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Debian To Seek A General Resolution Over Their Init System Policy

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  • Besides, I'd expect Debian to be running more systemd units and fewer init scripts on newer versions, when using systemd.
    I think that's the root of this conundrum: maintainers wrote systemd units to use with systemd and nobody bothered to maintain the init scripts, or at least nobody wants to keep doing it.

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    • Addendum. I forgot to check the Windows ones. Debian got consistently better results with exceptions here and there. Nothing big tho.
      Also, I didn't think of mesa, which is quite relevant in many benchmarks, including the Selenium ones I think.
      Which also supports our argument: there are many things that may change speed in applications that we should suspect before pointing at init scripts. They're for **INIT**. They generally don't do much, and if they do they're probably broken.

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      • Originally posted by ThanosApostolou View Post
        Reading the comments (those who are relevant to the topic), I guess we can all agree that maintaining just the packages for other init systems (like openrc) is not a big deal, but the real effort is maintaining all the init scripts for the packages that need them.
        Nope. Maintaining both packages for alternative inits and alternative init scripts for other packages is trivial. The real effort is dealing with packages and software with non-trivial dependencies on systemd (e. g. GNOME 3). It would appear their numbers is on the rise.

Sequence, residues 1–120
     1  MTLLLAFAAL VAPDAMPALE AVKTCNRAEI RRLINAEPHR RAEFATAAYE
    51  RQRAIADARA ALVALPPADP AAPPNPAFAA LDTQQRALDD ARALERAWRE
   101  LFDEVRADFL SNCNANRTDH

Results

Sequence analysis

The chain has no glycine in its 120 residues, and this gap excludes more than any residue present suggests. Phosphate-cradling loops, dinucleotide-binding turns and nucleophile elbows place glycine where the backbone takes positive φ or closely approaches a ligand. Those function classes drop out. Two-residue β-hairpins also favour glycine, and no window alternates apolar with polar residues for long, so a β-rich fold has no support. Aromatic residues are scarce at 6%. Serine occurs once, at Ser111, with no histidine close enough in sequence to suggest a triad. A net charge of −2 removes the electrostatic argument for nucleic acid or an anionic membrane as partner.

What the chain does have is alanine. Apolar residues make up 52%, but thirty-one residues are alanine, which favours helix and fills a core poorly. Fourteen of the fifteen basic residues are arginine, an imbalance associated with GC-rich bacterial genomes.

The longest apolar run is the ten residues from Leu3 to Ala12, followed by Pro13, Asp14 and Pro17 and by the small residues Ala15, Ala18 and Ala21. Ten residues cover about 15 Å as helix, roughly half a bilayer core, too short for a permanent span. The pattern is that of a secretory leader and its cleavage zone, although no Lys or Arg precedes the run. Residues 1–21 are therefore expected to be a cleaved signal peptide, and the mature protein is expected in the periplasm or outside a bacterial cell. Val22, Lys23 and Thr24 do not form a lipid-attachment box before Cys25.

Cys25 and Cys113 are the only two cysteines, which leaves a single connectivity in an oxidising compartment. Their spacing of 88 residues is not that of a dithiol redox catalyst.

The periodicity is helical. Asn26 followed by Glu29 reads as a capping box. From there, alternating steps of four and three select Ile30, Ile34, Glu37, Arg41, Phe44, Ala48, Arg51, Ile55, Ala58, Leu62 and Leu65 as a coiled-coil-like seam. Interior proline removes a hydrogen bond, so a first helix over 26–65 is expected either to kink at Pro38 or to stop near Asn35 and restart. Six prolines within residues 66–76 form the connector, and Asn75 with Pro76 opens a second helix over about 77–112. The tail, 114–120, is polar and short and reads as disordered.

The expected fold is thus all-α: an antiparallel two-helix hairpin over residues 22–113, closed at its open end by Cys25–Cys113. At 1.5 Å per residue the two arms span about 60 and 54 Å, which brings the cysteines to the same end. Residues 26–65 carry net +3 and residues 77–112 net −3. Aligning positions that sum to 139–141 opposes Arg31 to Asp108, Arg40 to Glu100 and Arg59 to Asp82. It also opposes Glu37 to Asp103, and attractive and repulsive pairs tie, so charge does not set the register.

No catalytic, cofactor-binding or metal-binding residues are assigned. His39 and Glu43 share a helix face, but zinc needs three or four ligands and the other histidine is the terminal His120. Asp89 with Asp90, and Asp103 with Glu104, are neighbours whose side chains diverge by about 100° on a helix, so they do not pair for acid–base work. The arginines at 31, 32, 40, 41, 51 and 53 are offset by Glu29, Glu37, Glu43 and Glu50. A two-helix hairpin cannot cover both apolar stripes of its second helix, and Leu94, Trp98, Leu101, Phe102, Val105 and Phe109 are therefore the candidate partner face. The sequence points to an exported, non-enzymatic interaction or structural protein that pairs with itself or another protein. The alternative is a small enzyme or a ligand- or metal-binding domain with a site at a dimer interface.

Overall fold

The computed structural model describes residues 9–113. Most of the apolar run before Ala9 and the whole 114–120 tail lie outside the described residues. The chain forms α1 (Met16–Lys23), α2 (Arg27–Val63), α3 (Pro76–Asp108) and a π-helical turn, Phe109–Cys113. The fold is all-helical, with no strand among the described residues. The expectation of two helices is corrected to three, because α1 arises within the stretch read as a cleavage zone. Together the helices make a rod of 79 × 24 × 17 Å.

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        • Originally posted by mrugiero View Post
          Addendum. I forgot to check the Windows ones. Debian got consistently better results with exceptions here and there. Nothing big tho.
          Also, I didn't think of mesa, which is quite relevant in many benchmarks, including the Selenium ones I think.
          Which also supports our argument: there are many things that may change speed in applications that we should suspect before pointing at init scripts. They're for **INIT**. They generally don't do much, and if they do they're probably broken.
          You've worked hard on this today, bravo! Good answers, very useful. That should set some readers' minds at ease.

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          • Originally posted by F.Ultra View Post

            The problem is that this "rat's nest" of yours is still unsubstantiated claims since you after all this time still do not provide any example(s), which is why people (including me) keep asking you. Also it does not follow my own experience since I use systemd as pid 1 on all of our servers and desktops but not any of the other systemd utilities so "you have to use the whole bloated mess" is not true.

            The "internal API" is also just a D-Bus interface and if you check the list at https://www.freedesktop.org/wiki/Sof...tabilityChart/ you can clearly see that "Covered by Interface Stability Promise" is "yes" on all except for "udev session switch ACL properties".
            https://chromium.googlesource.com/ch...-systemd.patch

            Here's the patch not applied to current master: https://github.com/systemd/systemd/b...server.c#L2187

            It's up to upstream to provide modular builds. Unless you don't consider Chromium OS to be Linux in some way.

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            • Originally posted by intelfx View Post
              Nope. Maintaining both packages for alternative inits and alternative init scripts for other packages is trivial.
              At least a significant number of Debian developers seems to disagree or there would not be this GR proposal in Debian.

              Originally posted by intelfx View Post
              The real effort is dealing with packages and software with non-trivial dependencies on systemd (e. g. GNOME 3). It would appear their numbers is on the rise.
              Just to quote the void linux wiki: "Installing GNOME on Void Linux is very easy"

              I do see two dependencies of 3rd party software mentioned rather regularly:
              • libsystemd: A library that is there that wraps all the code that is needed to have its dependent software work with or without systemd. I doubt this would be any problem if that library would have been called libfoobar or something... in fact even Devuan rolled back their changes to remove this dependency once they figured out that the library does nothing:-)